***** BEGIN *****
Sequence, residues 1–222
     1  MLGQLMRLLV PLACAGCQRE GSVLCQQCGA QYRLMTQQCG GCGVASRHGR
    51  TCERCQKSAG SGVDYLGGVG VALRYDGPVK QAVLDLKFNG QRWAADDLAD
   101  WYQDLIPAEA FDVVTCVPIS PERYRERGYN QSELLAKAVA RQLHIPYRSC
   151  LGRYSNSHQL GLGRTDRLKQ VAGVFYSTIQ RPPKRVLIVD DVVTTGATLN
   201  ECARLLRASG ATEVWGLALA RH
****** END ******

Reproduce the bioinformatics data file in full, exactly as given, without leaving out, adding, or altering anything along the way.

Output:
Sequence, residues 1–222
     1  MLGQLMRLLV PLACAGCQRE GSVLCQQCGA QYRLMTQQCG GCGVASRHGR
    51  TCERCQKSAG SGVDYLGGVG VALRYDGPVK QAVLDLKFNG QRWAADDLAD
   101  WYQDLIPAEA FDVVTCVPIS PERYRERGYN QSELLAKAVA RQLHIPYRSC
   151  LGRYSNSHQL GLGRTDRLKQ VAGVFYSTIQ RPPKRVLIVD DVVTTGATLN
   201  ECARLLRASG ATEVWGLALA RH